Abstract: Using the September 2015 decision by the U.S. Court of Appeals for the Fifth Circuit in Jackson v. Ladner and the 2009 opinion by the U.S. Supreme Court in Safford v. Redding as analytical springboards, this paper examines how both the First and Fourth Amendments likely will be applied in the near future to public school students and their digital communication devices. In Redding, the Supreme Court embraced social science evidence to highlight the intense vulnerabilities of high school students and their subjective expectations of privacy. Legal scholars and, particularly, the Fifth Circuit in its recent decision in Jackson, suggest that Redding’s vulnerability arguments can be stretched to protect students from searches of their smartphones and from punishment based on speech found during such searches. Furthermore, this paper applies the logic of both Redding and Jackson to analyze the constitutionality of an Illinois statute that allows for searches of personal communication devices.
Ernest Rice, PhD candidate
High bandwidth photos: Do selfies promote more warranting than other photos?
Abstract: A content analysis of 28 athletes Instagram photo content was conducted to determine what types of photographic content promoted more warranting feedback than other types of photographs and how they were used by athletes of different genders, sport popularities (high or low profile), individual or team athletes, and to determine if selfie photographs promoted more feedback than other types of photographs. Significance was found in the feedback received by team sport and male athletes, but not in the profile level or in the selfie photograph condition. Exploratory factors for consubstantiation, withdrawal, and faceism were coded for and differences were found to exist in in these areas for all hypotheses.
High bandwidth photos: Do selfies photos override warranting through consubstantiation?
Abstract: This study is an experiment on social perception of selfie vs. portrait photographs and how they are perceived using positive, neutral, and negative comments from others to warrant the individual as a manipulation. Warranting theory posits that positive feedback in the form of comments from others will increase the likability of the individual to a greater degree than what that individual can say about himself or herself. This study found that someone would be more likely to send a Facebook friend request to someone with positive instead of neutral valence feedback and that for physical attractiveness, the positive valence portraits were viewed as more physically attractive when compared to negative or neutral valence portrait photographs.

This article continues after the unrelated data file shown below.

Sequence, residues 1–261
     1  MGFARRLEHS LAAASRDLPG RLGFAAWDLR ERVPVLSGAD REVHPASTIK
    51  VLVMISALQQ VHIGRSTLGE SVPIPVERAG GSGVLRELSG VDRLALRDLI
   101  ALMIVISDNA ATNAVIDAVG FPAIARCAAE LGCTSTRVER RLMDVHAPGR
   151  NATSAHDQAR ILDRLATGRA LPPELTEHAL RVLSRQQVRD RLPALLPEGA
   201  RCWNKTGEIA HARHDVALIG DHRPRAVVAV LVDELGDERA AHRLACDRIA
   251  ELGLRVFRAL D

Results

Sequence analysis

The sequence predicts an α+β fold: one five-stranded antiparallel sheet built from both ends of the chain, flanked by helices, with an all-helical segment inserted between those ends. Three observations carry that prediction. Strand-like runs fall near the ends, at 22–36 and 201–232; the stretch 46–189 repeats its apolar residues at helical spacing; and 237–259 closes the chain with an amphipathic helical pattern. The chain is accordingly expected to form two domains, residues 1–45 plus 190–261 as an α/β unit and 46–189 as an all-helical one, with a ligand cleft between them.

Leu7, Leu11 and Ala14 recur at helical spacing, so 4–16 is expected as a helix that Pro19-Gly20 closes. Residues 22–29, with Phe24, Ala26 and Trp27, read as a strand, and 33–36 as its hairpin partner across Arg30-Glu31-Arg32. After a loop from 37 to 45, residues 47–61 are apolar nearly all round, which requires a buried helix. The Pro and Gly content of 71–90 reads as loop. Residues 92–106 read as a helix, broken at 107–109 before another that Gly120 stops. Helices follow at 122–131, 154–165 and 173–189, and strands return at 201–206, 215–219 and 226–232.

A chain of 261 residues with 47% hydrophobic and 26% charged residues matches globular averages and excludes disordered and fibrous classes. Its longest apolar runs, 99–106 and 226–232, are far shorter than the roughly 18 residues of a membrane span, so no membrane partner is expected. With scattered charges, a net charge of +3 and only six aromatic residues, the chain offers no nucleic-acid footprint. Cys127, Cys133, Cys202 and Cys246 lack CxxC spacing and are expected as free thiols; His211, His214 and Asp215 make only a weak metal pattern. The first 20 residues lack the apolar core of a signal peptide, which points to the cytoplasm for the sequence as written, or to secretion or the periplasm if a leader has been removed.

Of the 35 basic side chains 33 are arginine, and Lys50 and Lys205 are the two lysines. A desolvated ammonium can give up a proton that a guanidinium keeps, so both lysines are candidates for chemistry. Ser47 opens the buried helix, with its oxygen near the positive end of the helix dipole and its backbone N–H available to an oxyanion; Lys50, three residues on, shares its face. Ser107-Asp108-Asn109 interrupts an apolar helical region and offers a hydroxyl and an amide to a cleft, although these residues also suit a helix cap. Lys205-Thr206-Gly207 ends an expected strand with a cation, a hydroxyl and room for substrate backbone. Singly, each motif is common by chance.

Rick Shumate, PhD candidate
Framing Barry Goldwater: The Extreme Reaction to his 1964 “Extremism” speech
Award: Top Student Paper in in the History Division
Abstract: The fight for the 1964 Republican presidential nomination was an institutional turning point in the life of the Grand Old Party. With methodic organization, conservative forces aligned with U.S. Senator Barry Goldwater of Arizona quietly seized control of the party machinery from the elite Eastern establishment that had dominated the party for a generation. Accepting his party’s nomination at the Republican National Convention in San Francisco, Goldwater delivered what became one of the most infamous speeches in American political history, capped by the line, “Extremism in the defense of liberty is no vice.” When read or watched today, Goldwater’s speech comes off as a relatively innocuous recitation of the basic tenets of conservatism. But back in 1964, the speech set off a firestorm among elite opinion leaders in both media and politics, who denounced it as a dangerous appeal to reactionary elements on the political right. Using a contextual analysis of media coverage of the convention, this paper posits that elite media framing of the convention helped prime that extreme reaction to the speech, irrespective of its actual content. This coverage is exemplified by The New York Times, The Washington Post, and CBS News, and three contributing frames which contributed to the negative reaction—combat within the party, extremism within the Goldwater coalition, and the perception Goldwater was hostile to civil rights—are identified and explicated. Given that the perception among conservatives of a liberal bias in the media took root during the Goldwater campaign, this paper advances scholarly knowledge by exploring the origins of that perception, which colors American politics to this day.